Battle of Maxen, 20 November 1759

Prussian defeat during the Seven Years War. A Prussian army of 14,000 men, commanded by Frederick Augustus Finck, one of Frederick the Great's most able generals, was sent behind the Austrian armies, with the intention of cutting their lines of communication with Bohemia. Frederick expected the Austrian general, Leopold von Daun, to withdraw once his lines were threatened, but instead he took advantage of Finck's isolation, and cornered him between three seperate armies, outnumbering his force. On the 20th of November, the Austrian attack was launched, forcing Finck back off his strong position at Maxem. His retreat was blocked by the Imperial army, and on the 21st Finck was forced to surrender with his entire army, a crushing victory for the Austrians, although von Daun failed to follow up on his success.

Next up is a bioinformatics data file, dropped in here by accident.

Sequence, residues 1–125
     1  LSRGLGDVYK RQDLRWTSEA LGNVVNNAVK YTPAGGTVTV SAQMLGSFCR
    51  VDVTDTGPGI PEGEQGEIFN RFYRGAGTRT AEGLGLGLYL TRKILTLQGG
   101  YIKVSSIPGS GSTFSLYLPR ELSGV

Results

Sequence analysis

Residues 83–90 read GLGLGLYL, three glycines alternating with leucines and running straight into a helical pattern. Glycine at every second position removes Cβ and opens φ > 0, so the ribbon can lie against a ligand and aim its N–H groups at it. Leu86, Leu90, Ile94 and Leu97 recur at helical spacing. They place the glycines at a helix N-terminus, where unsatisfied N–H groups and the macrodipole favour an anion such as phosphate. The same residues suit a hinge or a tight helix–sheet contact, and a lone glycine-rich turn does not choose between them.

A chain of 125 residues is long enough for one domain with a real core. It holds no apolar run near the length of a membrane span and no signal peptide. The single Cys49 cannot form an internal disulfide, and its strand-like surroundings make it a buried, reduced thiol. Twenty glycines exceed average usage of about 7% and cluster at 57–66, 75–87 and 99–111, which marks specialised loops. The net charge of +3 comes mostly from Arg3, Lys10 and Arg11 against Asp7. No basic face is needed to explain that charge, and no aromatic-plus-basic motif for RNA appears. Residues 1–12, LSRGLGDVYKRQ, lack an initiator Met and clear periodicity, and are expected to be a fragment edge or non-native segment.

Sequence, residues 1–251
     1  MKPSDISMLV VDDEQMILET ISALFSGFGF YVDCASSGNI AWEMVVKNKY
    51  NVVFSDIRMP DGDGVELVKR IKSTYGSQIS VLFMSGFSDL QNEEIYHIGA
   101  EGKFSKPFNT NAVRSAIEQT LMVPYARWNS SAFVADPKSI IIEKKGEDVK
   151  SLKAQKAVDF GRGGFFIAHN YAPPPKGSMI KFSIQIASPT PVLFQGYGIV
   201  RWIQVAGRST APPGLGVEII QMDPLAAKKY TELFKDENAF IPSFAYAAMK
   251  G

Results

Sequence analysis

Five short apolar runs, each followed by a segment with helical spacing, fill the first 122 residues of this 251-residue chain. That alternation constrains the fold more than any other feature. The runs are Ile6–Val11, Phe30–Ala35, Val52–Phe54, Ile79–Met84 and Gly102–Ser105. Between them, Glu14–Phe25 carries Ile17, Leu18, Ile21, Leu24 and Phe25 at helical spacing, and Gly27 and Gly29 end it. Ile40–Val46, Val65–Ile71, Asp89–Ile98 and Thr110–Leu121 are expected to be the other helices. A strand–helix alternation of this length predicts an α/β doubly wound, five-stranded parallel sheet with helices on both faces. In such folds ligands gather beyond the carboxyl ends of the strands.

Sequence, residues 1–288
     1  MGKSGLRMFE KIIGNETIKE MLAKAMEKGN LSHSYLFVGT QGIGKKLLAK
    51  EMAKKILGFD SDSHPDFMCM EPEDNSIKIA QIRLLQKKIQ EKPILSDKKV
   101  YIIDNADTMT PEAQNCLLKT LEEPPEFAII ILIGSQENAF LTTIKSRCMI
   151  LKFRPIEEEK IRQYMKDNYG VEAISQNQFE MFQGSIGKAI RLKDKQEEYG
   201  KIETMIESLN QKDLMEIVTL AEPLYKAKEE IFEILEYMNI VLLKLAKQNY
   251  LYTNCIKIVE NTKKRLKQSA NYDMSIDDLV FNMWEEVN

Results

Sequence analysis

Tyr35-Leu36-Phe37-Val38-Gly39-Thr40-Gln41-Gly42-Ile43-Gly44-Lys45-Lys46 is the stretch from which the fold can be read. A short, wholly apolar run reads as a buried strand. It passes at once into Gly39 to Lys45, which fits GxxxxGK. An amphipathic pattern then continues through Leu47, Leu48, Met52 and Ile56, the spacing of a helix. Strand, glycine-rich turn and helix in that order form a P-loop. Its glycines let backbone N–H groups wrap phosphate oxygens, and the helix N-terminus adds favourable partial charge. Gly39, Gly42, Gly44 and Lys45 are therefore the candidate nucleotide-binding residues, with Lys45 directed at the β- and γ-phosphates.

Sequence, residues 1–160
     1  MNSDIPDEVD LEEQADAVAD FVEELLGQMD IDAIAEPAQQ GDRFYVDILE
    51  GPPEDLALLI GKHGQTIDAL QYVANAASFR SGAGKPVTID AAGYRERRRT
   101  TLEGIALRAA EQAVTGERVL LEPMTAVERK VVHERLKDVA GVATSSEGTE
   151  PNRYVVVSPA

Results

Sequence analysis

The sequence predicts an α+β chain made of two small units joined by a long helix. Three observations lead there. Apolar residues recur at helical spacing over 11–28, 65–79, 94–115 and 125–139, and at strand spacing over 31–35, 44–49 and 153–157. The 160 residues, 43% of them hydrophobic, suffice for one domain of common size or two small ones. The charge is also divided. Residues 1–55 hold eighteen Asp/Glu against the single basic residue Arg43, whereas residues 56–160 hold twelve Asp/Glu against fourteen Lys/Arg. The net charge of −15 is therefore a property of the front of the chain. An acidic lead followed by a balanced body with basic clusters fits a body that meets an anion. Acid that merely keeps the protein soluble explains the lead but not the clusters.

Battles of the Seven Years War: Central Europe
Battles of the Seven Years War 1756-64: Central Europe

Books on the Seven Years's War | Subject Index: Seven Years' War

How to cite this article: Rickard, J. (5 November 2000), Battle of Maxen, 20 November 1759, http://www.historyofwar.org/articles/battles_maxen.html

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